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Manually install packages via the Finder Install
I recently stumbled across the following problem: The Installer would crash when trying to install a package (.pkg) I had downloaded. What to do? Of course, one solution is to use Pacifist, but 20 bucks is just too much to pay for manually installing a package once in a while.

Now a .pkg bundle essentially contains an Archive.pax file, which is an archive of the files to be installed, so another solution is to use pax in the Terminal. But the man page for pax is not exactly enlightening; I just want to quickly decompress a pax file, for heaven's sake!

But as is often the case, the obvious solution is the last one you would think about. Simply copy the Archive.pax.gz file out of the package bundle and double click it in the Finder! The Finder then happily decompresses everything in a folder, and you can install everything manually.

[robg adds: This older hint talked about using the Terminal to peek inside packages; with the changes in OS X since it was written, it's now possible to do this sort of thing from the Finder.]
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Manually install packages via the Finder | 8 comments | Create New Account
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Manually install packages via the Finder
Authored by: chtito on Oct 11, '05 07:10:32AM

Reaction to what Rob added: the simplest way to peek inside packages is now actually to use "Show files..." in the File menu of Installer.

The point of this hint is rather to provide you with an easy way to manually install a package. For example in case you want to install only some files out of a package...

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Manually install packages via the Finder
Authored by: taminator on Nov 02, '05 02:03:36PM

I'm not sure if my problem completely relates to this discussion but I'm hoping someone can help me.

I have a problem with installers (with .pkg extensions) that come from Apple. For example, I downloaded the iSync Palm Conduit from the Apple Support web site yesterday. The disk image mounted and two items were shown: one item called iSync_Palm.pkg and the other a read-me text file.

Normally, I should be able to double click on the .pkg file and it launches as an installer. But on my iMac, clicking on the item reveals another folder called Content. And clicking on that reveals five more items inside.

For some reason, my iMac is not recognizing the .pkg item as an installer. Using Get Info shows the item as a plain ol' folder and not an installer as well.

I spent almost an hour with an AppleCare tech yesterday and trashed a bunch of plist and preferences files but nothing changed. We even repaired disk permissions and also tried the procedure using a different account. All unsuccessful attempts.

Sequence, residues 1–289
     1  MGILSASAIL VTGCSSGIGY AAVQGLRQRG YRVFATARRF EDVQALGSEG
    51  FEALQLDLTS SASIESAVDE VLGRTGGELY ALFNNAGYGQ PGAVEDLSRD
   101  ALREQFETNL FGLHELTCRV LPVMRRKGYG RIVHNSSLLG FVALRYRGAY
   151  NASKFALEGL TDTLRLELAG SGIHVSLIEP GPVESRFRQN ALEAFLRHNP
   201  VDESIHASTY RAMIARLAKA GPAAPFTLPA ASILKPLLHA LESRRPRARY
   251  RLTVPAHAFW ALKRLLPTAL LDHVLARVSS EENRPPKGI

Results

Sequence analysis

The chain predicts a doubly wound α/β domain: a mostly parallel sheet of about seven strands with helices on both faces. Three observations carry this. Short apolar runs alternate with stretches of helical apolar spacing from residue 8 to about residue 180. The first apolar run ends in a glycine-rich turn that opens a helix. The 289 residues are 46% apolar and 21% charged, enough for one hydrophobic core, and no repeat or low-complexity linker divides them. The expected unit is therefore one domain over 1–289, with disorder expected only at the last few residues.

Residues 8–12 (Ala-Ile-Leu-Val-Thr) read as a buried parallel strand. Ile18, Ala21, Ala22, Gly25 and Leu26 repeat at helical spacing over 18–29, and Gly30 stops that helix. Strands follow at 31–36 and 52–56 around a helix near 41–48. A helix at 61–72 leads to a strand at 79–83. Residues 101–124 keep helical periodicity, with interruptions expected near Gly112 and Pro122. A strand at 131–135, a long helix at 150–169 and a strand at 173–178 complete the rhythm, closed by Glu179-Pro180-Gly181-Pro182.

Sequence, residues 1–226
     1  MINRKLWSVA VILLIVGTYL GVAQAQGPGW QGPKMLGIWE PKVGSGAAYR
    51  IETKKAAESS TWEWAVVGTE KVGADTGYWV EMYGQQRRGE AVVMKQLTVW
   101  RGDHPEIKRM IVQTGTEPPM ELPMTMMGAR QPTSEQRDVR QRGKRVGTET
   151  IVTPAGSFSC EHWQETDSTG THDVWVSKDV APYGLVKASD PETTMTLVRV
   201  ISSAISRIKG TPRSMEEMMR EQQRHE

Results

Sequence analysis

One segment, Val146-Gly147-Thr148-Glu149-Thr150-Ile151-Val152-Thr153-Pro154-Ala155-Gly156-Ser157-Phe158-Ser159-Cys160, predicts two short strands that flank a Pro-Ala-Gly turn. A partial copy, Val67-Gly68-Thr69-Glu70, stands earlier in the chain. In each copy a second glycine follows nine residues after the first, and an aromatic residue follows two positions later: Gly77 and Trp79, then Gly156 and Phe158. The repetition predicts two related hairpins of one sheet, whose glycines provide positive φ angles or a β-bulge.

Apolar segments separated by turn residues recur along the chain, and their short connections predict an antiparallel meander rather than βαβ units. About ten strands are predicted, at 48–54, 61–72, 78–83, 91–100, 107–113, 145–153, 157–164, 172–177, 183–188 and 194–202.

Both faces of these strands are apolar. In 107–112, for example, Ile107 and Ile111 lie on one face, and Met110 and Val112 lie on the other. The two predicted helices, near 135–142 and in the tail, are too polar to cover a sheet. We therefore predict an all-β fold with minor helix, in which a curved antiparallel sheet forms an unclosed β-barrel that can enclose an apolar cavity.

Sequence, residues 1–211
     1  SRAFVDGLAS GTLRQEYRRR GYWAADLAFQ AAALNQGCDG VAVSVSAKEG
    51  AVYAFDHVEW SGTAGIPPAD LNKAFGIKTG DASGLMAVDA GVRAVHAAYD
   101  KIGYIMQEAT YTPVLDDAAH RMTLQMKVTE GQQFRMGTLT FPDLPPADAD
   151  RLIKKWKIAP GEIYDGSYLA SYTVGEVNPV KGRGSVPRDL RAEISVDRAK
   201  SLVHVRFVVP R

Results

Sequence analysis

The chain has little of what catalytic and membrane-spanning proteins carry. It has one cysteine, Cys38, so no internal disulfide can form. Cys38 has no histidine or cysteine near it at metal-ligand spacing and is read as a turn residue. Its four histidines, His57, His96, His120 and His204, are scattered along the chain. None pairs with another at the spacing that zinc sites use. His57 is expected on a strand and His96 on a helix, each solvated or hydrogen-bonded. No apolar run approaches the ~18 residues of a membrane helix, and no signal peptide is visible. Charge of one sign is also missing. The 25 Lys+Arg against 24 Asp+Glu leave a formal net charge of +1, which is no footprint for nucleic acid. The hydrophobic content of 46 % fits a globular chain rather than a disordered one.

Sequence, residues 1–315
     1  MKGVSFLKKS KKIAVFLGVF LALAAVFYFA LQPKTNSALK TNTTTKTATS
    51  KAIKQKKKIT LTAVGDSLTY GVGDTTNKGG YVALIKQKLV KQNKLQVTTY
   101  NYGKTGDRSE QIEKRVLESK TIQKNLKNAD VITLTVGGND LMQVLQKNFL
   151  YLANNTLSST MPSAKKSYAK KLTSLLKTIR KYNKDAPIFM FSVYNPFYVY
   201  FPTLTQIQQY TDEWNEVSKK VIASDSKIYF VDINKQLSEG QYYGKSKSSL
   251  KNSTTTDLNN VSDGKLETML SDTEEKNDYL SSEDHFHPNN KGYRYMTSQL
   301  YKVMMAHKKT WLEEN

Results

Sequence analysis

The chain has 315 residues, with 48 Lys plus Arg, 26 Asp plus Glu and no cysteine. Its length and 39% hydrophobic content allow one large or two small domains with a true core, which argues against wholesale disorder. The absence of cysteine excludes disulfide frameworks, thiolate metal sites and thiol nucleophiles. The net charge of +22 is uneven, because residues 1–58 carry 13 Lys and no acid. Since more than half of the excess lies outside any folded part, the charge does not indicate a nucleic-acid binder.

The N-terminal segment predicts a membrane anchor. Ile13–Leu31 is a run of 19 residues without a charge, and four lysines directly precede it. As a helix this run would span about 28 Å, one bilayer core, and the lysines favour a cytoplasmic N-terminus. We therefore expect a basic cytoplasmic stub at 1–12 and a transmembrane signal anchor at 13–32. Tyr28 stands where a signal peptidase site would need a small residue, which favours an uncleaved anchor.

I'm running 10.3.9 on a flat-screen iMac 700 MHz. My last resort is re-install OS X and I want to explore other options before taking on that task.

Any suggestions?

Thanks in advance.

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Manually install packages via the Finder
Authored by: spfolly on Oct 11, '05 12:56:01PM

Be careful if you do this, some (most?) installation packages run scripts at various stages of the installation. If you bypass the installer and just unzip the Archive.pax.gz file, you'll be missing out these scripts.

Some of them could be important for setting correct file permissions, etc. describes the different scripts that could be run.

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Manually install packages via the Finder
Authored by: asmeurer on Oct 11, '05 06:59:44PM

You won't get a receipt wither, so permissions repairs will not work. And pacifist is no better by the way.

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Manually install packages via the Finder
Authored by: qwerty denzel on Oct 11, '05 06:49:20PM

I'm a bit confused about this hint. I have 10.3.9.

So, in Tiger, you can decompress .gz and .pax files using the Finder (or BOMArchiveHelper)?

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Manually install packages via the Finder
Authored by: chtito on Oct 12, '05 09:25:09AM

That's right.

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This hint is nutso, use /usr/sbin/installer
Authored by: babbage on Oct 11, '05 06:56:39PM

If you're going to the trouble to poke at the .pkg with Terminal, you might as well just do it the right way by using the installer command:

sudo installer -pkg MyDownlad.pkg -target / -verbose

This will install the package "MyDownload" to the root of the filesystem, verbosely telling you every file that's getting installed.

sudo installer -pkg AnotherDownlad.pkg -target /Volumes/FirewireHD

This will install the package "AnotherDownload" to an external firewire drive named "FirewireHD", without bothering with the verbose output.

You can also try installer -help or man installer for more information.

Yes, you could unpack the .pax

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Manually install packages via the Finder
Authored by: DeltaTee on Oct 12, '05 07:53:19AM
UnPKG also works well. For the comments using sudo, one of the main reasons for unpackaging something is so you don't have to install it as an Administrator. Most things will work fine without being an administrator.

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